Regardless of where your first-choice college may be, understanding the financial implications of your decision can help you decide on financial aid packages and know what you’re getting into, finance-wise, before you make a final decision.

What Does Out of State Tuition Mean?

As you decide which colleges you’ll apply to, you may have public and private colleges on your list. Public colleges are colleges that are funded by a state and receive significant public funds, including taxpayer dollars, to function. Private colleges are not owned by the state and are privately held, with funding coming from tuition, research grants, endowment funds, and charitable donations.

Private colleges do not differentiate their tuition plans based on residency but, because public colleges and universities rely on tax dollars, they do. That’s because residents are already “paying” for the university or college through their tax dollars. Out-of-state students, who are not paying local or state colleges, are given a higher price tag.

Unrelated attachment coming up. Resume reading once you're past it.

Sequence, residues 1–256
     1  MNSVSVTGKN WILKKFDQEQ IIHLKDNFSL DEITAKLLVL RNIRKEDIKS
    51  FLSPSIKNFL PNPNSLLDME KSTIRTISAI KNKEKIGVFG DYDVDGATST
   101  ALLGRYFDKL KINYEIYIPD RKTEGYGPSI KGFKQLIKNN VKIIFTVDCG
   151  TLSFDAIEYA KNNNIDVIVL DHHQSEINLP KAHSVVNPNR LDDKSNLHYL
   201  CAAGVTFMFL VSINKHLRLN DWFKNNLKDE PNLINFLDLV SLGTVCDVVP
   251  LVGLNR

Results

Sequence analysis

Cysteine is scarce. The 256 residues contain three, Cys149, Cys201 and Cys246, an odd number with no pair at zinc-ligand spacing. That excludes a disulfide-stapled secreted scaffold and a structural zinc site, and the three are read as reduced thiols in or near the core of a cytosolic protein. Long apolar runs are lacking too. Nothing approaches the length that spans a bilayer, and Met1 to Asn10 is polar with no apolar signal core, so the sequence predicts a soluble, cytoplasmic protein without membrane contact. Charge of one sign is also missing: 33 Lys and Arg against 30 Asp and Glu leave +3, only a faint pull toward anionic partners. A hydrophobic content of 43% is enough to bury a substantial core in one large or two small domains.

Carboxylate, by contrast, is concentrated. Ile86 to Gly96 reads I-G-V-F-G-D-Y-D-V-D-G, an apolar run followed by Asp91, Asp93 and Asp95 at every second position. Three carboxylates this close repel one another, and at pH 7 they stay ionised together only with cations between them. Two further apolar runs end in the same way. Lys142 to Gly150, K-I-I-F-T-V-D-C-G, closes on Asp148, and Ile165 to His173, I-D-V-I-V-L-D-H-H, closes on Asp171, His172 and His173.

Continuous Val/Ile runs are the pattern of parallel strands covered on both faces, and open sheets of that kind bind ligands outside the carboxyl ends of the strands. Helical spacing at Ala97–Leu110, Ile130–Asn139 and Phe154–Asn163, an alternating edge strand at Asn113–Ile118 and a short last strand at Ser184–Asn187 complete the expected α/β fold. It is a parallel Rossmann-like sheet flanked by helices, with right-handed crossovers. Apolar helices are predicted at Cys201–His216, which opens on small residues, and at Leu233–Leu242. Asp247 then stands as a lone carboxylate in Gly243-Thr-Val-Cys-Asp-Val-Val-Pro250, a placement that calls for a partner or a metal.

But whether you’re applying in-state or out-of-state, it’s important to remember that the “price tag” of college tuition is independent of any financial aid, scholarships, loans, or grants you might have available.

Recommended: Private vs. Public College: What to Know When Deciding

Lowering the Bills on Out of State Tuition

Out of state tuition can cause sticker shock—and may lead to sizable loans. According to US News data , the average cost at a public out-of-state college or university was $21,184 for the 2020-2021 school year. In-state, tuition averages were around $9,687. This number is independent of additional costs, such as housing and books. And while the sticker shock is real, there may be some workarounds that open up your options without piling on unnecessary expense.